I was a dark and stormy child, and school libraries saved me in all the ways that matter.
The summer before 2nd grade, my family moved from Milwaukee to Menomonee Falls, WI. That meant a new school, new friends and new experiences I didn’t want, except for one—the St. Mary School library. More than dreams on shelves, we had Mrs. Mankiewicz, the part-time librarian who handed me stories and wonder. When she read Charlotte’s Web to my class, I tingled with hope. If Wilbur didn’t have to stay lonely and afraid, then neither did I.
In middle school, I had a bully—Anne with an “e.” Awkward, unpopular and whip-smart, I was Anne’s favorite target. My teachers didn’t see it, but Mrs. Mankiewicz did. She knew the library was the one place at school where I could exhale, so she helped me get there often. During one unforgettable recess, I met Lucy Maud Montgomery’s Anne of Green Gables, and my heart sang. This very different Anne with an “e” never wavered when the world said, “Who you are is not OK.” If Anne Shirley didn’t have to sit back and take it, then neither did I.
I wandered in high school, a square peg in a sea of round holes. I didn’t fit anywhere, and once I stopped raging against that, I felt the import of the library space surge. I didn’t have to “fit” to walk through the door and be welcomed. I didn’t need the “right” clothes, the “right” hair, the “right” friends or the “right” body because there was no judgment in that place. In my high school library, a guy named Mark tutored me in trigonometry, and our nerd love for Neil Diamond turned into true love for each other. If Mark didn’t care about the shape of me, then neither did I.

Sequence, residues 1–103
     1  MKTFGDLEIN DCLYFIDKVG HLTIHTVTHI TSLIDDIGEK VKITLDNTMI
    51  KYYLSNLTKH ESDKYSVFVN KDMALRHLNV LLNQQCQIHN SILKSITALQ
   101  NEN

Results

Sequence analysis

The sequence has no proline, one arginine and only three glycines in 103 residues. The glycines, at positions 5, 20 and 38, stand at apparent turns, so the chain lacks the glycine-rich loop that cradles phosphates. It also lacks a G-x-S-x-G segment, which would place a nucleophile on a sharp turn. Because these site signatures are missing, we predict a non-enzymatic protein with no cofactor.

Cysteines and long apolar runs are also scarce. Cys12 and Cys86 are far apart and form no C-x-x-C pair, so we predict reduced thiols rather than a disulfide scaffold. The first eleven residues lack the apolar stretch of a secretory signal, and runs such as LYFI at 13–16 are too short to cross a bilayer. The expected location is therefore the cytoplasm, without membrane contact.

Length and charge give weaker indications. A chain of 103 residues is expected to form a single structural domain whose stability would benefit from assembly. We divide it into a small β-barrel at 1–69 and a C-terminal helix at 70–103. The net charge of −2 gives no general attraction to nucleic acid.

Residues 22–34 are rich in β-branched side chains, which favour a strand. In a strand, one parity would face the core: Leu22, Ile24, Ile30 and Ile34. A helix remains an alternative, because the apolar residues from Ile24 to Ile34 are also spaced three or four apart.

If you’re thinking, “This sure isn’t what I expected from a 500-word essay on school libraries,” then I’m thrilled. Because school libraries aren’t what you expect. They’re more.
More than “nice to have,” effective school libraries are essential components of high academic achievement and healthy socioemotional development.
More than warehouses for books, effective school libraries are fully integrated academic programs that support student learning, cultivate intellectual curiosity and foster peer-to-peer collaboration. Helmed by qualified youth advocates with Master of Library and Information Science degrees, effective school libraries prepare students for success in school and in life through thoughtful information literacy instruction, expert content curation, and the unbridled agency to read, think and choose.
And more than academic programs, school libraries are havens for anyone who needs them. They rest weary bodies, unburden heavy souls and mend broken hearts. A sign on the Hall Library door reads, “You matter. You belong. You are so welcome here.” It’s more than lip service. It’s a philosophy, a guidepost and an invitation to joy.
Remember that dark and stormy child I mentioned? Now she’s North Shore’s Head Librarian, and school libraries still save her in all the ways that matter.